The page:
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Article Archive >> Business

Investing in Equities in a Changing Tax Environment

Investing in Equities in a Changing Tax Environment

(NAPS)-As the tax environment changes, so too should investment strategies.
That's the word from experts who warn that the current capital gains tax laws are changing. Additionally, studies have shown the "tax drag" to be cyclical, meaning there are certain times when it's bigger than others. Right now, a new and potentially harsher cycle appears to be under way.
"While tax-managed investing is important in any environment, it's particularly important today because investors are going to be hit hard by both rising capital gains distributions and higher tax rates moving forward," says Duncan W. Richardson, Chief Equity Investment Officer for Eaton Vance Management.
He believes understanding the potential risks and rewards associated with these changes can offer investors a number of strategic benefits.
Historically, equities have provided a higher after-tax (and inflation-adjusted) return than any other asset class. They have been one of the best defenses against taxes and inflation.
Yet active tax management remains an important factor to consider. The growth of tax-deferred vehicles in the 1980s led many investment managers to change how they managed portfolios. "There was no tax cost for tax-deferred investors of having a high portfolio turnover rate, so little attention was paid to keeping turnover low," says Richardson. "For the large number of investors who have assets in taxable accounts, that can translate into a significant tax drag."
One of the best ways to effectively manage taxes is to maintain a long-term perspective. Richardson says he prefers a holding period of "five years to forever" to let winners run and help ensure gains are taxed at the lowest possible rate. He recommends keeping "bad" or unnecessary turnover low to minimize transaction costs and short-term capital gains. Additionally, harvesting capital losses in a disciplined fashion, following "wash sale" rules, following holding period rules to have any dividends taxed at the lower qualified dividend income rate, and using tax-advantaged hedging techniques may all improve after-tax returns even further.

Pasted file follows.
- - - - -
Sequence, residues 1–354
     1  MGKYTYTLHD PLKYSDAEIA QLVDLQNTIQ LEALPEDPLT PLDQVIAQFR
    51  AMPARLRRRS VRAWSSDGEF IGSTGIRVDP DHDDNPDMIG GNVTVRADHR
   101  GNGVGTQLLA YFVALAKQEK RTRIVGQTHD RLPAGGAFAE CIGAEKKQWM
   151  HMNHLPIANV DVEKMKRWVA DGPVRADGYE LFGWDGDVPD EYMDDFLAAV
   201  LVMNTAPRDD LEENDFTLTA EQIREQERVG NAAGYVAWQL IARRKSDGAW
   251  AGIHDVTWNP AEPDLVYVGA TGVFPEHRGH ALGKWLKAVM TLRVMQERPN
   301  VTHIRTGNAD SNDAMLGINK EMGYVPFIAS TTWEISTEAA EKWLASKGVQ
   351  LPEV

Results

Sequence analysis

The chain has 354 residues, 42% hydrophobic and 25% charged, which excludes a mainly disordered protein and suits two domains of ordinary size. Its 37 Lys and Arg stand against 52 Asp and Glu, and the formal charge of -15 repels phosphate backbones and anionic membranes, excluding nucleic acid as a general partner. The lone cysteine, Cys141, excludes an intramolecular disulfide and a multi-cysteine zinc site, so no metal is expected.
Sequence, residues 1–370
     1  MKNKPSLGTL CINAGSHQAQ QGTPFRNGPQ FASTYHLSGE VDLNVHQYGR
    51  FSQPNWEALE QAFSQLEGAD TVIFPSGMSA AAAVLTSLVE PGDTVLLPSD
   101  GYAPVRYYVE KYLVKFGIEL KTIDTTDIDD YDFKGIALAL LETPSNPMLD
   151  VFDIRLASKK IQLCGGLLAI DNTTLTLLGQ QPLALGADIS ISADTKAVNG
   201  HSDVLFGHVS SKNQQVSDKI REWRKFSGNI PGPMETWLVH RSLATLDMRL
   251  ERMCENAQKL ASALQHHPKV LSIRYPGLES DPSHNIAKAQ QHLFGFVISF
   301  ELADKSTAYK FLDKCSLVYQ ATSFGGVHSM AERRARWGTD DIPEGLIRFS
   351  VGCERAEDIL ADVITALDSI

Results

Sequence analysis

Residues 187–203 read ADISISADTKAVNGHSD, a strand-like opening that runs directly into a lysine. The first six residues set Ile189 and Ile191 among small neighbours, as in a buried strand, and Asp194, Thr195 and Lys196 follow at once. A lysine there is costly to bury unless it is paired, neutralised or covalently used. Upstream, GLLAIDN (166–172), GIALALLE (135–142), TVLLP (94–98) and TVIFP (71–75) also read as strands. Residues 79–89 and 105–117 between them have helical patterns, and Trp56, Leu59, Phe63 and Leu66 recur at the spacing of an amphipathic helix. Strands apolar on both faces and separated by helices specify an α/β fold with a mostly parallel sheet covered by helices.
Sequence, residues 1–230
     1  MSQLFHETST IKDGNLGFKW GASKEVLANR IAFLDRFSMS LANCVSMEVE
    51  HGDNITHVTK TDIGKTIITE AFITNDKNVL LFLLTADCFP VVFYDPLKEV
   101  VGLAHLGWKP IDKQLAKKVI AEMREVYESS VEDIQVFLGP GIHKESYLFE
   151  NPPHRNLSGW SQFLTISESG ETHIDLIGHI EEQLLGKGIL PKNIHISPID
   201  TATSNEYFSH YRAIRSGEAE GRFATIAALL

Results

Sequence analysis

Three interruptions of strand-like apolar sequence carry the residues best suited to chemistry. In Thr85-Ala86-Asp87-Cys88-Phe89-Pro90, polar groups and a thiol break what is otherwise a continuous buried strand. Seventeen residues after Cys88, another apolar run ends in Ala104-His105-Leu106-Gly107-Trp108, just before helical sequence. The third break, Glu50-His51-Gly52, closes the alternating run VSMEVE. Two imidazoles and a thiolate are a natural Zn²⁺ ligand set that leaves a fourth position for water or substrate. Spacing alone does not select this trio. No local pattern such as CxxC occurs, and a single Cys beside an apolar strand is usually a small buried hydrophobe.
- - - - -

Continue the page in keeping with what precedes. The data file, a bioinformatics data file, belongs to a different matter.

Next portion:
This may seem like a lot of extra work, but according to Lipper (a mutual fund services company), the average taxable equity mutual fund investor can lose as much as a quarter or more of every dollar of their annual returns to taxes. Employing equity mutual funds managed with after-tax returns as their objective may help investors "keep the quarter," as Richardson says, thanks to the tax-efficient techniques these funds practice.
Tax efficiency is particularly important in today's environment, he says, because the market has more than doubled over the last three years, increasing the likelihood of more capital gains distributions from mutual funds.
"Regardless of tax cuts or extensions, massive deficits at the federal, state and local levels suggest that taxes may eventually have nowhere to go but up," Richardson says. "That's a risk most investors can't afford to ignore."
Navigating this changing tax environment can be challenging, making it more important than ever for investors to seek professional guidance. Eaton Vance has a decades-long history of offering mutual funds and wealth management solutions designed to help maximize investors' after-tax returns.
"We sharpened our focus on tax management and significantly expanded our tax-efficient equity fund lineup in the late 1990s and early 2000s to fill what we saw as a big void in the industry, and most importantly, to help our clients maximize their after-tax returns," Richardson says.
Today, Eaton Vance offers a strong lineup of tax-managed equity mutual funds that cover multiple asset classes and market capitalizations, along with a broad range of tax-exempt municipal and tax-advantaged bond stra_tegies. To learn more, visit www.eatonvance.com.

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